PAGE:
I’ve always liked the freedom and flexibility you get from renting a house or apartment when you travel. And over the last couple of years AirBnB has taken over the self-catering world – there aren’t many destinations not covered on the site. It has its critics though, and like anything you need to be careful – make sure to check the reviews, always pay through the AirBnB site and never by bank transfer, and watch out for the cleaning and admin fees. I’ve luckily not had any bad AirBnB experiences, but the huge number of properties can be overwhelming – how do you pick a good one? A year ago I did a round up of my favourite AirBnB properties I’d stayed in. So I thought it was time for a second edition, this time including some great places I’ve tried out Berlin, Amsterdam, Annecy and the Hebrides over the last year.
p.s. If you’ve not yet signed up with AirBnB, you can save £30 on your first stay with this link.
More AirBnB favourites: Bergen, Strasbourg, Vienna & Praiano
Apartment rentals come into their own when you’re going away as a group and want to hang out together without having to sit on someone’s bed. So for a winter trip to Berlin we picked an apartment in Mitte, a few minutes from Friedrichstrasse station. This area’s is right in the centre of the city so you can walk to the major sights – the Reichstag, Brandenburg Gate, museums and Berlin Wall. There are a few restaurants and shops close by too. The building dates back to 1836 and the apartment’s on the second floor. It sleeps up to six, with three bedrooms – two doubles and a twin – two bathrooms and a big kitchen with a dining table. The lounge also comes with the slightly unexpected addition of a pommel horse in case you want to try out your gymnastic skills! There’s also a small balcony so you’ve got a place to sit outside if the weather’s good. And inside was nice and warm even during a very chilly Berlin February.
What I loved: the pommel horse (a lot tougher than those Olympians make it look!).
What I didn’t: the area’s great for exploring but not so much if you’re looking for crazy nightlife.
The cost: four nights for four people in February cost £476 in total (£30 per person per night).
Like in London and Paris, hotel rooms in Amsterdam can blow the budget, and I’d ended up stayed in some pretty uninspiring spots on previous trips. So this time I went for an apartment in the Jordaan district instead. It’s a great location close to the canals and 10 minutes from Anne Frank’s House, and there are plenty of cafés, bars and restaurants nearby but is still quiet so you don’t get disturbed. The apartment sleeps two, with a double bedroom and an open-plan kitchen and living area. It’s clean and modern inside with a mix of old and new furniture and a well-equipped kitchen (there’s a decent grocery shop in the parallel street). Outside there’s a courtyard area shared with the neighbouring flats – unfortunately it rained almost all the time we were in Amsterdam but it would be a perfect spot for a drink on a sunny evening.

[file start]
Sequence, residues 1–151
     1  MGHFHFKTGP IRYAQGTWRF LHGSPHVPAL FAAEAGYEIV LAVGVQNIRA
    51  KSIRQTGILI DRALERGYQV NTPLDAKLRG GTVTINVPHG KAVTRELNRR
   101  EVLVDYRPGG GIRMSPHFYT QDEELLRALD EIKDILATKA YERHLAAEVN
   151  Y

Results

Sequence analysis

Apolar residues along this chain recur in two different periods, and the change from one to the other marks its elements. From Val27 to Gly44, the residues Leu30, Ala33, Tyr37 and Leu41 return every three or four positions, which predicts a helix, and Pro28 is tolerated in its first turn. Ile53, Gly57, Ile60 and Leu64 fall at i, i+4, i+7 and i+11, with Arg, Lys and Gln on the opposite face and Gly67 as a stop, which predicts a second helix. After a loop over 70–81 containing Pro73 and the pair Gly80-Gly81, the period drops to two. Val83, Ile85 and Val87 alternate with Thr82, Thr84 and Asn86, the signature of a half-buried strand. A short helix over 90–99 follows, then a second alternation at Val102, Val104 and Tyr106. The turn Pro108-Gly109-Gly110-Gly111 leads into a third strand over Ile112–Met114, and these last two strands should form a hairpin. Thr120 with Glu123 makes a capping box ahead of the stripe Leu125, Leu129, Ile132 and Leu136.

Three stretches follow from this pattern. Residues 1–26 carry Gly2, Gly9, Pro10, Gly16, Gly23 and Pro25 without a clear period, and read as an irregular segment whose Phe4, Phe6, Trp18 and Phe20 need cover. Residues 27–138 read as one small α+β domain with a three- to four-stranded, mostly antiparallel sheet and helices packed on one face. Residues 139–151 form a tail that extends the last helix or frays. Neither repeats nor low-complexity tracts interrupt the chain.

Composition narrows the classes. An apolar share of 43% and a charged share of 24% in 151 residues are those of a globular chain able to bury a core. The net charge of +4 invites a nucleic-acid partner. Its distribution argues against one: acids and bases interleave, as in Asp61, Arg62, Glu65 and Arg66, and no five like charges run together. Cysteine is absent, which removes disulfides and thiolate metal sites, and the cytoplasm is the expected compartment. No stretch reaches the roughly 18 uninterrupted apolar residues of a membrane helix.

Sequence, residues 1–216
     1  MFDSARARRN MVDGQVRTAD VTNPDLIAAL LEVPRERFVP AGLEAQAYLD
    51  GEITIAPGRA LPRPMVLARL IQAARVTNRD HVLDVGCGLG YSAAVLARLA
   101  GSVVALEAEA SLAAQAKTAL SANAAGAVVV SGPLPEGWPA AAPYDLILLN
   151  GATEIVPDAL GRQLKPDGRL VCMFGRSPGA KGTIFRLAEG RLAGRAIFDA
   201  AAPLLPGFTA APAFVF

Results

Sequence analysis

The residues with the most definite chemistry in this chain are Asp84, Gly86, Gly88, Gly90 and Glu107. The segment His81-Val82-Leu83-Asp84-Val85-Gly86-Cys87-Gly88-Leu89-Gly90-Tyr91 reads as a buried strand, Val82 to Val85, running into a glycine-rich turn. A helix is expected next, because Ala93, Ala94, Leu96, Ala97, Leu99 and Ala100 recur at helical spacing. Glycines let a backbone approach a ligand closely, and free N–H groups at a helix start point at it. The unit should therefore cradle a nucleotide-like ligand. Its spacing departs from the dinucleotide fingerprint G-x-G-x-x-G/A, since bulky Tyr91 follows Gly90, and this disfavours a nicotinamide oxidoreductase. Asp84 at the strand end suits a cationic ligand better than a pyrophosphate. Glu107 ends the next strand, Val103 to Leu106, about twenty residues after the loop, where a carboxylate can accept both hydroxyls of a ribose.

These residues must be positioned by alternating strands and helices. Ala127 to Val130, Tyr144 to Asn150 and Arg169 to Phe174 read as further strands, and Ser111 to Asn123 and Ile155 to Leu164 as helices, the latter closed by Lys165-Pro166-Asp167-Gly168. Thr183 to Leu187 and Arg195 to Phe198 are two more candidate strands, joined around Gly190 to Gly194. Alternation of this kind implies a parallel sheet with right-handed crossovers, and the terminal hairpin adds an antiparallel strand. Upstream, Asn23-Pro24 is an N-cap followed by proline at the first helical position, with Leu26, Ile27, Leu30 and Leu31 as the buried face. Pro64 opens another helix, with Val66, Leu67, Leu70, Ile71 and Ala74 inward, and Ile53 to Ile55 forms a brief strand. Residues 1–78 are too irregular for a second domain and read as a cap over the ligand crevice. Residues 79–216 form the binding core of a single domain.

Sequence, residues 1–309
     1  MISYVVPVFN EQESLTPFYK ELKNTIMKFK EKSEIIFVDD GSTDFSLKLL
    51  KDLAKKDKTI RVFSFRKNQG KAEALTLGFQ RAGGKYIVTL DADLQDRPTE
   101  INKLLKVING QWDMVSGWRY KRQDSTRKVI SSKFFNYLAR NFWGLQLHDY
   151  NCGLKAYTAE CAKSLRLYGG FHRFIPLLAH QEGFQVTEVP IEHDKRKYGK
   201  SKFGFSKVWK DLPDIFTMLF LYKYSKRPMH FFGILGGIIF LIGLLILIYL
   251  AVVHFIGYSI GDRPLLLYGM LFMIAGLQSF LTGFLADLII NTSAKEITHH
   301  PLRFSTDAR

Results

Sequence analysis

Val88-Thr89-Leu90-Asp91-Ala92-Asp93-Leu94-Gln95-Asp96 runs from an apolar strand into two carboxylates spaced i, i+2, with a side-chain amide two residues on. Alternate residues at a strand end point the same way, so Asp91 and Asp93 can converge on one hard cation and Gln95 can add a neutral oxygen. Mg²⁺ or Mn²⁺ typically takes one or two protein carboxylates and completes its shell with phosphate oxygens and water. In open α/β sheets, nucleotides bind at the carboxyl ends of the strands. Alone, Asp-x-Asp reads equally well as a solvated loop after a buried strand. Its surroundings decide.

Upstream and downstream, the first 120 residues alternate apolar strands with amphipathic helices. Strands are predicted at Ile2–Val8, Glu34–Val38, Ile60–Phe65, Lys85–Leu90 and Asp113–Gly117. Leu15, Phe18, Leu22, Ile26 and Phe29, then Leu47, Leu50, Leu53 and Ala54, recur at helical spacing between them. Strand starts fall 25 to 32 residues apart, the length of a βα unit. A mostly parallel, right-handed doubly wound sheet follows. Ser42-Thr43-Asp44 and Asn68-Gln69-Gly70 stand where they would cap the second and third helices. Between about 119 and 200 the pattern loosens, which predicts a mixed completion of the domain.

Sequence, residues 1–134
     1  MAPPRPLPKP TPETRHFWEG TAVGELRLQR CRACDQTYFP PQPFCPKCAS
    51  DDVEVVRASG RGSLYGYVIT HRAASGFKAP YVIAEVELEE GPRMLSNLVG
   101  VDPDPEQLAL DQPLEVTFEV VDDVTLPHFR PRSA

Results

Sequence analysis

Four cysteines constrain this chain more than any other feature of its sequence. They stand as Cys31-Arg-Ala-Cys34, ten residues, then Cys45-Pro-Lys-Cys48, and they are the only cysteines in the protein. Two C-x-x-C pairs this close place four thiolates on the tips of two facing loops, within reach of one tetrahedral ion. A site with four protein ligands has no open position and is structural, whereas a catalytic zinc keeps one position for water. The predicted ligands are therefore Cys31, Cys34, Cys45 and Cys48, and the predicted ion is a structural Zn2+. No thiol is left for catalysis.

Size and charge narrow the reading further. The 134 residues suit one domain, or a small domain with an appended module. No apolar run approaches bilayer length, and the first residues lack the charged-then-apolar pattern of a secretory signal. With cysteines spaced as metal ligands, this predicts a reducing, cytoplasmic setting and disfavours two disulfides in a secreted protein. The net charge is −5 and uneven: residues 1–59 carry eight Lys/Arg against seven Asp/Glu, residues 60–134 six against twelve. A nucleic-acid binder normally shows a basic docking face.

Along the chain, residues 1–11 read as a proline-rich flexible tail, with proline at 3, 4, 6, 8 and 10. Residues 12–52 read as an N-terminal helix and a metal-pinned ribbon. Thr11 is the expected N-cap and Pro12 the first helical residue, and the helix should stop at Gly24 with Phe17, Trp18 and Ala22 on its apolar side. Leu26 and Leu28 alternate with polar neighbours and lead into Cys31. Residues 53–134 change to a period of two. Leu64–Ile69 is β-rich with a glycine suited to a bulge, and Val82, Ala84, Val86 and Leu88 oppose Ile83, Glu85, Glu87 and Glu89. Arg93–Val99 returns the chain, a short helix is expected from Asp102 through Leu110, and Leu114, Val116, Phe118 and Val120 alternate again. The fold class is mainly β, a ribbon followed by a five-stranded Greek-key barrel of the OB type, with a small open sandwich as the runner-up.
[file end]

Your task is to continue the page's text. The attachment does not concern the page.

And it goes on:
What I loved: the fantastic location in Jordaan and the stylish design.
What I didn’t: the windows face the central courtyard so you do feel a bit exposed to any passing neighbours if you don’t have the blinds shut.
The cost: two nights for two people in September cost £217 in total (£54 per person per night).
With its mix of lakes, canals and castles, Annecy has to be one of France’s prettiest spots. And we couldn’t have found a better location than our apartment right at the heart of it (in the yellow building in the picture below). From high up on the top floor we could look out over the rooftops to the castle and snow-capped mountains in the distance. The apartment is open-plan and sleeps up to four people. There’s a kitchen-dining-living room with a comfy double sofa bed, and a separate double bedroom. You’re right in the centre of Annecy so it’s an easy walk to everything, with plenty of places to eat nearby. It’s also a 5-minute walk to a Monoprix supermarket if you want to stock up on food. Or there’s a market selling local produce like cheese and cured meats along the canals on Tuesdays, Fridays and weekends.
What I loved: the location and views over the old town, stunning by day and night.
What I didn’t: climbing up a ton of stairs to get those views – especially when you’ve got heavy bags.
The cost: six nights for four people in March cost £474 in total (£20 per person per night).
Isle of Lewis, Outer Hebrides, Scotland
My final pick is from the Isle of Lewis in the Outer Hebrides. The house is located in the tiny hamlet of Brue on the island’s west coast. The surroundings are gorgeous, with sea views and big panoramic windows to make the most of them. You’re 25 minutes from the main town Stornoway where you’ll find supermarkets and the airport. There’s also a great takeaway place, 40 North Foods, a few minutes away. The house has plenty of space, with a big kitchen-diner, a lounge and a snug with a TV. It sleeps up to 10, with four bedrooms – three doubles and a twin – plus a sofa bed. The master bedroom has an en-suite and there’s a big bathroom with a shower and roll-top bath (with a view), as well as a downstairs toilet. It’s really elegantly designed with a few quirky Scottish touches, like the antler light fittings. In summer there’s a fire pit and BBQ outside or in winter there’s a woodburner and warm blankets to snuggle up in.
What I loved: the cosy feel, having lots of room to spread out and those amazing views.
What I didn’t: not much, though the rural location means you really need a car to get around, and hiring one is quite pricey in the Outer Hebrides.
The cost: four nights for seven people in August cost £887 in total (£32 per person per night).
Do you have a favourite AirBnB rental you’d recommend?
Please note: Some images are courtesy of AirBnB but I’m not sponsored by them and booked and paid for all my stays myself.